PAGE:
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  • Richard Cash

169. A New Year and Old You - Reset Time

First of all, Happy New Year to all three of you! The last few weeks have seen me do very little training, and wild amounts of eating everything I shouldn't. The 300km took more out of me than I realised. Emotionally, Physically and Spiritually> I won't lie, it's been a difficult couple of months and I really did need the time out. When I think about it, it makes sense. I've monstered myself to build mileage, while fighting against the odds of age, physiology, injury and inexperience that have been stacked against me. I've been focusing for the last 3 years now on taking a powerlifting physique and doing something I have zero natural gifts for in order to run very very far. However... I have managed to run numerous 50k's, a couple of 60 + 80ks, a couple of 100ks and a 300k. I'm pretty bloody happy about that. It's certainly put in place a solid grounding for going long, and in pretty brutal conditions.

I'm looking into my next adventure. I have committed to running a 100km in the Peak District this summer, and between family breaks etc, it's looking like I'll need to postpone my Icelandic trek (or crazy alternative) until 2025 as I have a small 3 month window to do it in that is already stacked with plans. This leaves me looking at what to focus on next. I've managed to build this year to achieving wild distance, but it took a toll. Since taking the time off my eating habits slipped big time and weight has piled back on.

I'm not a fan of New Years' resolutions, but certainly intentions and resets. Having had time to heal and recover, it's time to get in front of the slippage and get back on the right trajectory. I'm now looking at how to get myself back onto the right track while training for the 100km I have in the diary for this summer. I've no intention to 'race' so this leaves me able to not commit as much time to running as I did last year; and allows me time to focus more on the following:

1. Body Composition

Dropping bodyfat is hard for me. Keeping it off even harder. I'm not happy with my body shape and my age means it's time to add more focus to getting this into a much better state. I'm looking at sustainable loss that really has to come from diet choices. Two big things I need to change in my eating... Increase my protein, change my carb intake. I also need to increase my water intake as I'm poor at drinking frequently through the day. Exercise shifts need to happen as well. Two weight/strength sessions a week need to go into my schedule, as well as early morning fasted (before eating) low intensity cardio. I will also add in two HIIT cardio sessions a week - probably 1 sprints/hill sprint session, and a bike sprint session. Better muscle mass improves metabolism, prevents injury, and keeps my healthy as another year gets added to my clock.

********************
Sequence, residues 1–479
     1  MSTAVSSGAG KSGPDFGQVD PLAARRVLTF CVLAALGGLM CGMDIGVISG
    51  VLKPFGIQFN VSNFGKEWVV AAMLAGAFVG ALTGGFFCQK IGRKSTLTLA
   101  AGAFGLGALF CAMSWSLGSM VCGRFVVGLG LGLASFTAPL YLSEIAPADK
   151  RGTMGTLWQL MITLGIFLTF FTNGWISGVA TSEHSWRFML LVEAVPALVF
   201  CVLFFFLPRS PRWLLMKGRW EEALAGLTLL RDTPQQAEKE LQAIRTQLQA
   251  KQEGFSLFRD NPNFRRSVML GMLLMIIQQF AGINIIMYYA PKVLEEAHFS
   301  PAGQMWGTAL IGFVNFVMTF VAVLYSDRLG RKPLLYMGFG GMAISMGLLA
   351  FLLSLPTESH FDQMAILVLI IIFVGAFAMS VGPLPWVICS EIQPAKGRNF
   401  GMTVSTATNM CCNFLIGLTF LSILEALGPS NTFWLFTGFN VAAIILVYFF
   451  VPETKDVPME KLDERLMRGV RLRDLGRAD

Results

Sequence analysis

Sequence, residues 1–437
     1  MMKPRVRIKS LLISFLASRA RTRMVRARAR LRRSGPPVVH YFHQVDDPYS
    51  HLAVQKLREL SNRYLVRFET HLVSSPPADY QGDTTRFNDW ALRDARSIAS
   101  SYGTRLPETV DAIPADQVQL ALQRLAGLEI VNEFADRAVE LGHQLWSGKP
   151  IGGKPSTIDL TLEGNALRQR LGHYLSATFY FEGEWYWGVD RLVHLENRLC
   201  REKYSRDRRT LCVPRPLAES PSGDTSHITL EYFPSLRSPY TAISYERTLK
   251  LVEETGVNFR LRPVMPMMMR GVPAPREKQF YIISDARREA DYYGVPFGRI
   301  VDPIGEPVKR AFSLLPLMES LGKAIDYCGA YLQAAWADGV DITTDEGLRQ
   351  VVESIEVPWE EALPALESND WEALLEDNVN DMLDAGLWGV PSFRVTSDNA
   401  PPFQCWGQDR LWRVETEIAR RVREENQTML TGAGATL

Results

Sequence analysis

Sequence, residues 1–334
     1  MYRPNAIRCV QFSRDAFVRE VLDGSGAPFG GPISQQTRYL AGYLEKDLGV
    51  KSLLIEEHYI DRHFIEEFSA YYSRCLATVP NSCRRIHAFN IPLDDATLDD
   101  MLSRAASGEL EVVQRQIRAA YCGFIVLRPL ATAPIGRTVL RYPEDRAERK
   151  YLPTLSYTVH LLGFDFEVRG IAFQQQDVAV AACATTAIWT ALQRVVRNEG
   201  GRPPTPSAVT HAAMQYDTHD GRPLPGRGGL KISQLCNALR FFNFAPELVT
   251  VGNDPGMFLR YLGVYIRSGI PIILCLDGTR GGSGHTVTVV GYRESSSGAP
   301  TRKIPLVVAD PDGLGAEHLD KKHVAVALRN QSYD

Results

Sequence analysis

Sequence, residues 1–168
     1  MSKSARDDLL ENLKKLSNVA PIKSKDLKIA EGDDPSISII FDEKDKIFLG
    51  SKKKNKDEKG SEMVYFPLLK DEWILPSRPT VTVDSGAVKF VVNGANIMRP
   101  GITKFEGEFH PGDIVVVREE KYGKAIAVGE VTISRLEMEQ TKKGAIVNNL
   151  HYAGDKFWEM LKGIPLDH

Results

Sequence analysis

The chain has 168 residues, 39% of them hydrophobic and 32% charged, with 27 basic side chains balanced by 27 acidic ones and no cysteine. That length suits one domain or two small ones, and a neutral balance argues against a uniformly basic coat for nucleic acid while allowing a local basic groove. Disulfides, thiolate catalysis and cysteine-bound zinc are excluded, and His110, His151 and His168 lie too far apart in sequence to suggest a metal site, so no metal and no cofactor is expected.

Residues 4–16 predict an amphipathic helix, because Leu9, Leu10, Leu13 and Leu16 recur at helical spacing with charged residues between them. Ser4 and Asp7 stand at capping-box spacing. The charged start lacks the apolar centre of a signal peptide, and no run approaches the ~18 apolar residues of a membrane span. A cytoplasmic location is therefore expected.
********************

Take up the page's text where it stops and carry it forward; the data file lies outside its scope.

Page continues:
2. Strength Work

Building on the above I'm getting back to something I've always done well: Strength work. Compound Lifts (deadlifts, squats, bench, etc)

Kettle Bells

Plyometric work

Core training

Looking at working each main muscle group 1x per week. I have always found it easy to lift heavy, add muscle mass and strength, etc so have to balance this carefully as I don't want to add too much weight, but I recognise the value in muscle to help improve body composition. This week I'm working out what my strength sessions will look like for the next 3 months, and will post specifically about this soon.

3. Sleep